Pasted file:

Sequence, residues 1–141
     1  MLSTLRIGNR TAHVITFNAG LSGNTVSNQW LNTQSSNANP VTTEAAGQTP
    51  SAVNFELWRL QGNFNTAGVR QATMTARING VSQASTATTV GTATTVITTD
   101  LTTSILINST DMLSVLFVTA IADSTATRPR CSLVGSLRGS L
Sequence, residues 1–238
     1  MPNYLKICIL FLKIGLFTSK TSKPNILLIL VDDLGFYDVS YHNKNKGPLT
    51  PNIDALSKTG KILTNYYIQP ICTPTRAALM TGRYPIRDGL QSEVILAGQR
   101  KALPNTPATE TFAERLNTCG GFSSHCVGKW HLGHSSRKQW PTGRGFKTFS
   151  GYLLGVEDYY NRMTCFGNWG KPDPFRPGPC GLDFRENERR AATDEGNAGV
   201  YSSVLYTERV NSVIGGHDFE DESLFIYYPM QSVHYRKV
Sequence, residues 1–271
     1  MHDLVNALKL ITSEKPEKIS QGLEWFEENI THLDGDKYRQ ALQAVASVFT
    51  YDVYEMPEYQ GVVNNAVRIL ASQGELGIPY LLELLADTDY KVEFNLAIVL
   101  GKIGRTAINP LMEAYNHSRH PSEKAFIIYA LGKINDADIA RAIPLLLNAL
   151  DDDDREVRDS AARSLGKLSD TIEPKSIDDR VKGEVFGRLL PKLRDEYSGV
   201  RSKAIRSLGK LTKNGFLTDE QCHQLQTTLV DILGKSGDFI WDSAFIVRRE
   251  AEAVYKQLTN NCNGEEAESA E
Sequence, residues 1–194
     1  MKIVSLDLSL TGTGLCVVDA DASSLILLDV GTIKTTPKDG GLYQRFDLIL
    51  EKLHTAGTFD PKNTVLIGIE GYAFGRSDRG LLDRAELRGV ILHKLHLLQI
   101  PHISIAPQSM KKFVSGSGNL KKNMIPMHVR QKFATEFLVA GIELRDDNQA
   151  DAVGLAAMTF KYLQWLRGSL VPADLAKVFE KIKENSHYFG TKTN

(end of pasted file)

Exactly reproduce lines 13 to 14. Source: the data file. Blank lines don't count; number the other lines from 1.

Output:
    51  YDVYEMPEYQ GVVNNAVRIL ASQGELGIPY LLELLADTDY KVEFNLAIVL
   101  GKIGRTAINP LMEAYNHSRH PSEKAFIIYA LGKINDADIA RAIPLLLNAL